Following their disgraced eviction from the BBC Radiophonic Workshop following the infamous Brandy Tea Incident, the two antipodean electronic pioneers Wes Diodewski and Clement Sparks were commissioned for the science fiction film OU1J4 (1964).
Originally titled 'The Coffin Ship of Sinax 5,' the 16mm film OU1J4 is, unfortunately, lost to archival reference, and may no longer exist, unless it is in the hands of a private collector.
Fortunately, however, several reel-to-reel versions of the soundtrack are still in existence, and this release represents the known recordings for the film by the two artists now known as the Oscillator Repair Team. These have been lightly edited and mastered to remove flaws that have resulted from the age of the recordings.
The film itself, as understood from descriptions in circulars at the time of release, follows an unexpectedly inventive narrative.
A member of the gentlemen’s inner circles of the upper class in the late 1800s, the protagonist, Gordon Cooper, becomes involved with a group of worldly scholars who have developed an interest in the occult. When this group uses a Ouija board, Gordon comes into contact with his future self, who describes himself as a long-dead spectral entity who has been trapped on board a large interstellar coffin ship, held in a semiconscious state of death as a result of the misuse of astral technologies by a life support system that has developed a malevolent consciousness.
Cooper, against his will, merges with his future self and is transported to the floating mausoleum, where the ship’s computer, OU1J4, forces him to undergo a series of trials. He manages to survive the first, which is a horrifying puzzle in non-Euclidean geometry; however, he succumbs to the second, in which he has to find his true self amidst a series of simulacrums.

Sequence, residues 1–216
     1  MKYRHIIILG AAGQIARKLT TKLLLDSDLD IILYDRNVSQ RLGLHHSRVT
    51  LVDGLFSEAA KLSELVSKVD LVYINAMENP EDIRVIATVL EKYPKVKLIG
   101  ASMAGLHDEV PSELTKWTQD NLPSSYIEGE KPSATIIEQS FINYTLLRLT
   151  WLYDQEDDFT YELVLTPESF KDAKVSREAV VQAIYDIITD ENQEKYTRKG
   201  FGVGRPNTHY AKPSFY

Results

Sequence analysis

Cooper now knows that he is trapped in a cycle: his living self will die in the ship, then on dying his eternal self will haunt the same dead vessel, until once again moving back through time to ensnare his past self. He watches the slow turn of planet Sinax 5 as the film concludes in one long scene that (by all accounts) was a triumph for underground cinematography of the time.
There is some speculation that this film was originally intended to have a more upbeat ending. This is based on notes from Diodewski and Sparks that outlined another composition entitled 'Back in Time for Tea.' However, most biographers acknowledge that given their irreverent approach, it is likely that they’ve added this for their own speculative amusement. Certainly, the collective atmosphere of the tracks presented here has little to indicate the possibility of a lighthearted turn.
The opening track, 'The Séance of One Mssr Gordon Cooper,' paints an exemplary picture of Elizabethan gothic insanity, with a howling white noise evoking the celestial wind and the medium of radio that was to follow the séance in its celebration of the invisible message. The ORTs signature sounds are evident, even down to the robot voice that briefly emerges towards the close of the séance.